What to Do about Supercookies?
Ongoing concerns about online privacy have led two members of the US Congress to call for the prohibition of supercookies, which users can't remove from their browsers even with a common delete-cookies command.
These complaints have caused a renewed interest in supercookies.
Representatives Joe Barton and Edward Markey — cochairs of the Congress' Bipartisan Privacy Caucus — wrote the US Federal Trade Commission (FTC) about their concerns.
"I think supercookies should be outlawed because their existence eats away at consumer choice and privacy," argued Baron. "How can you protect yourself from unwanted online tracking of your browsing history when you don’t even know your information is at risk?"
Markey wrote, "Companies should not be … gobbling up personal, sensitive information without users' knowledge. Consumers, not corporations, should have the choice about if, how, or when their personal information is used."
The two Congress members are proposing legislation to help combat supercookies and other online-tracking technologies.
However, some critics are not convinced that legislation banning supercookies is justified.
"I don't think that legislatures or regulators are well positioned to figure out the answers right now," said Jim Harper, a privacy scholar at the Cato Institute, a conservative public-policy research organization.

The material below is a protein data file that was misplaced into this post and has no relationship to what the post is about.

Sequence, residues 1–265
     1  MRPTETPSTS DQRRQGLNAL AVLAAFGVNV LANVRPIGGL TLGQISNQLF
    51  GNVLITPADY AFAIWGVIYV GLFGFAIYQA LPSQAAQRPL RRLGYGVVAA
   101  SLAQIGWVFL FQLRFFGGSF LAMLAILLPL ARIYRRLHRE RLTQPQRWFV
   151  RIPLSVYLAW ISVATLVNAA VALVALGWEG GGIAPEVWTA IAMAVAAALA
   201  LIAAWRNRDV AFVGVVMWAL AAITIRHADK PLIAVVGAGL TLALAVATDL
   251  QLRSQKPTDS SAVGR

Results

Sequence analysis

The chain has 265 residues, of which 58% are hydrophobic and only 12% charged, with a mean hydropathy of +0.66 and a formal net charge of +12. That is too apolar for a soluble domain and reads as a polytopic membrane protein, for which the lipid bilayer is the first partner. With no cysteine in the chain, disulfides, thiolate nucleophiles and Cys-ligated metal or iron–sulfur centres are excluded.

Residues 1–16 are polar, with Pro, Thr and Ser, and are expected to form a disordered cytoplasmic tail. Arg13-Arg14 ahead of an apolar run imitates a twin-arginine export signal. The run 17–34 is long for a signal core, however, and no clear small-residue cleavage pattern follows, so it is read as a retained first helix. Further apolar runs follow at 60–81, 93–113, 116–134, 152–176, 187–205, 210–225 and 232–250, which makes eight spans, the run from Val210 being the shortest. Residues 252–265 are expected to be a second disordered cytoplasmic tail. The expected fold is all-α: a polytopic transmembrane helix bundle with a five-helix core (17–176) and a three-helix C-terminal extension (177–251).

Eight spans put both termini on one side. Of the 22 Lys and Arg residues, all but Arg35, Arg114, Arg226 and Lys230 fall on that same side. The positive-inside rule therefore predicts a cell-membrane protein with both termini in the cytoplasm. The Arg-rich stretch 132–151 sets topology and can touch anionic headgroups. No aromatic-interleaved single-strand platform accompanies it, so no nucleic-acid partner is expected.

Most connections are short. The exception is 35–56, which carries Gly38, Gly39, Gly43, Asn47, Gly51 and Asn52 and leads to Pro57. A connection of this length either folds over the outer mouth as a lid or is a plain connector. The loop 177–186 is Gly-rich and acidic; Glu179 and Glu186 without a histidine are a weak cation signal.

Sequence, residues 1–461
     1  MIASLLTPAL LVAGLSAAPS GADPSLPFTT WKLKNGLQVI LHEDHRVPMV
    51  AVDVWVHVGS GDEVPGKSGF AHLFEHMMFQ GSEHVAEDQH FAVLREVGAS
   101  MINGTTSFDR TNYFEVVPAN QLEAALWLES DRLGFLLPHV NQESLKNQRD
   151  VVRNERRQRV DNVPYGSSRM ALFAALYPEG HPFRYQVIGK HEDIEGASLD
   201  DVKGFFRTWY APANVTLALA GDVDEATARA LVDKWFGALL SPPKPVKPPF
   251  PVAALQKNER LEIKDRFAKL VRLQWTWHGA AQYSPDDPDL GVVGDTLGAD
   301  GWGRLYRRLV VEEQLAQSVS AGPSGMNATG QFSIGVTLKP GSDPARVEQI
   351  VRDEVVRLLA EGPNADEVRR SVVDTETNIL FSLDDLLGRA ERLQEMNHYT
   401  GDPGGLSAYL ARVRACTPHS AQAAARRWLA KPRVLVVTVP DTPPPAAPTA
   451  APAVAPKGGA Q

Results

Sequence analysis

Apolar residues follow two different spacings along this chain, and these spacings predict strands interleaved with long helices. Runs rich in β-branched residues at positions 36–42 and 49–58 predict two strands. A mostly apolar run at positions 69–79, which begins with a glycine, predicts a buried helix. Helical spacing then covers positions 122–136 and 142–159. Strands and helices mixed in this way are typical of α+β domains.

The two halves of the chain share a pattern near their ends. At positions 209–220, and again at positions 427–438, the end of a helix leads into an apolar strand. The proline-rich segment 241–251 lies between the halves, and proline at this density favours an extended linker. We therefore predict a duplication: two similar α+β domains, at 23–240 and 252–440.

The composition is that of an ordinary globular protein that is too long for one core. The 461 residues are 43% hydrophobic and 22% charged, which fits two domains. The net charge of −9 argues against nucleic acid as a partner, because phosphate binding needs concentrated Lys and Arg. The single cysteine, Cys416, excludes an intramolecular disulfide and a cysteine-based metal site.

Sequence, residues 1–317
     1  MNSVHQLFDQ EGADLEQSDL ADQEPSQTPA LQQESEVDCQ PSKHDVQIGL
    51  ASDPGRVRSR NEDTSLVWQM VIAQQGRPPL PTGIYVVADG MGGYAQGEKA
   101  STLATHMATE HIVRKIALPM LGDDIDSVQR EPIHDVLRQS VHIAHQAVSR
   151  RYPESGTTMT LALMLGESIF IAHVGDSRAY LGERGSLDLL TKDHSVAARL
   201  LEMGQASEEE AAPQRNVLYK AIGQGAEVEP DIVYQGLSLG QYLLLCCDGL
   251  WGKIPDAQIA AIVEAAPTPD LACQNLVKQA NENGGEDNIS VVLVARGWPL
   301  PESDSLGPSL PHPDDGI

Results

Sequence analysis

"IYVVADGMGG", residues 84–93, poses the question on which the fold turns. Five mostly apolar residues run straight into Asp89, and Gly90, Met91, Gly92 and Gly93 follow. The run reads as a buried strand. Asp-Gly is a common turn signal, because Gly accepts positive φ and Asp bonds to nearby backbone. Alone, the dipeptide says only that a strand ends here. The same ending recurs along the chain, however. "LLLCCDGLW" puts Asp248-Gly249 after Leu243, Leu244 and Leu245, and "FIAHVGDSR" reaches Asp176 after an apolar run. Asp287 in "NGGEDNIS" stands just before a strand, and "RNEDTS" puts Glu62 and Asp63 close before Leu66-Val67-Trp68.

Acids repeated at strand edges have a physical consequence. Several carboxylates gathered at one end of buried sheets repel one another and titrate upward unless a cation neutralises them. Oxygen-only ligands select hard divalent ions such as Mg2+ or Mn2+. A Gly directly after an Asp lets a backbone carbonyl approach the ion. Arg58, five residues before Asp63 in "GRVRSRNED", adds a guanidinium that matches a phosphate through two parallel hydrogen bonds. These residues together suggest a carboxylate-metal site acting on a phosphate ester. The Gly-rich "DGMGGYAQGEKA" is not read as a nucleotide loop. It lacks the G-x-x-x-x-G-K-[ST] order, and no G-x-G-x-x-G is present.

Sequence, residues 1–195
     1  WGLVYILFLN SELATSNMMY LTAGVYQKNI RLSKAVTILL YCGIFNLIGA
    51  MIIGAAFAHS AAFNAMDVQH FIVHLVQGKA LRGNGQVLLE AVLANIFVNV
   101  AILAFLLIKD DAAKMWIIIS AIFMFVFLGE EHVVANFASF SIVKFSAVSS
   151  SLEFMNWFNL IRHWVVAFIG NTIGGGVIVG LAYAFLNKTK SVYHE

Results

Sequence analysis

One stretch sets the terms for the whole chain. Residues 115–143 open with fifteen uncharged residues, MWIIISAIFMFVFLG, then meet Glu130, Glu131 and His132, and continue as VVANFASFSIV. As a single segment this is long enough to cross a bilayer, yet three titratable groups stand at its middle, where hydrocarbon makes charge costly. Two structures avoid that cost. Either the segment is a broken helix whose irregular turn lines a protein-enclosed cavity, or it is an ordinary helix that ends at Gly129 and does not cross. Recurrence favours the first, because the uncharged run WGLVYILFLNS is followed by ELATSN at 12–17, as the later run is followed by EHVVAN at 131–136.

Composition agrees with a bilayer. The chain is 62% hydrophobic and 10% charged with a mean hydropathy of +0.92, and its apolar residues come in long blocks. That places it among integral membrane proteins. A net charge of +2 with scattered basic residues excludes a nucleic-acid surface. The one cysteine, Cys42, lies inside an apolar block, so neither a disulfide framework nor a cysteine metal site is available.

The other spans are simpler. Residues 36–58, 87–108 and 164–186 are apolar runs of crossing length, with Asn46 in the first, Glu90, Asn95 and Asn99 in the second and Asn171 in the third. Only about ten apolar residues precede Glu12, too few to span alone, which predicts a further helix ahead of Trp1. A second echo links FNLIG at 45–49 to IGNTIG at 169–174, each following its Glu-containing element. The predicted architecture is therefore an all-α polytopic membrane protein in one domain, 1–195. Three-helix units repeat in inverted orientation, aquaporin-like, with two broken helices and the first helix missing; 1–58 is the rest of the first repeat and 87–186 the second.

According to Harper, public pressure, lawsuits, and FTC action based on existing laws will better work out many of the biggest concerns about supercookies.
"And I am hesitant to say that any technology should be banned outright," he noted.
In some cases, Harper explained, tracking users across sites may offer technical benefits such as improving service quality or performance.
"This is just another juncture in a long conversation about what people share when they go online and what kinds of information operators can collect," he said.
Cookies — which can work across either single or multiple websites — are useful for storing users' website preferences, shopping-cart items, and so on.
However, they can also store information about what visitors do on the Web across a host site and its partners. Companies can use this information to generate advertisements that target specific users.
A supercookie is a piece of code stored on a computer that collects and regenerates user information after normal cookies have been deleted.
For example, a Flash local stored object lets a website store tracking code on a user's computer. Because it operates as part of the Adobe Systems Flash plug-in, not the browser, it is more difficult for users to control via their browsers' privacy settings. This capability also lets the Flash LSO track users across multiple browsers.
Flash LSOs have grown in usage as Adobe's Flash browser plug-in has increased in popularity.
Another concern is zombie cookies. Individuals who plant these cookies on a victim's site could recreate them even after the recipient deletes them.
When the tracking party places the zombie cookie on a computer, a user ID is stored in the Adobe Flash player storage bin. If the user deletes the cookie, the tracking party can still retrieve the ID and continue collecting information.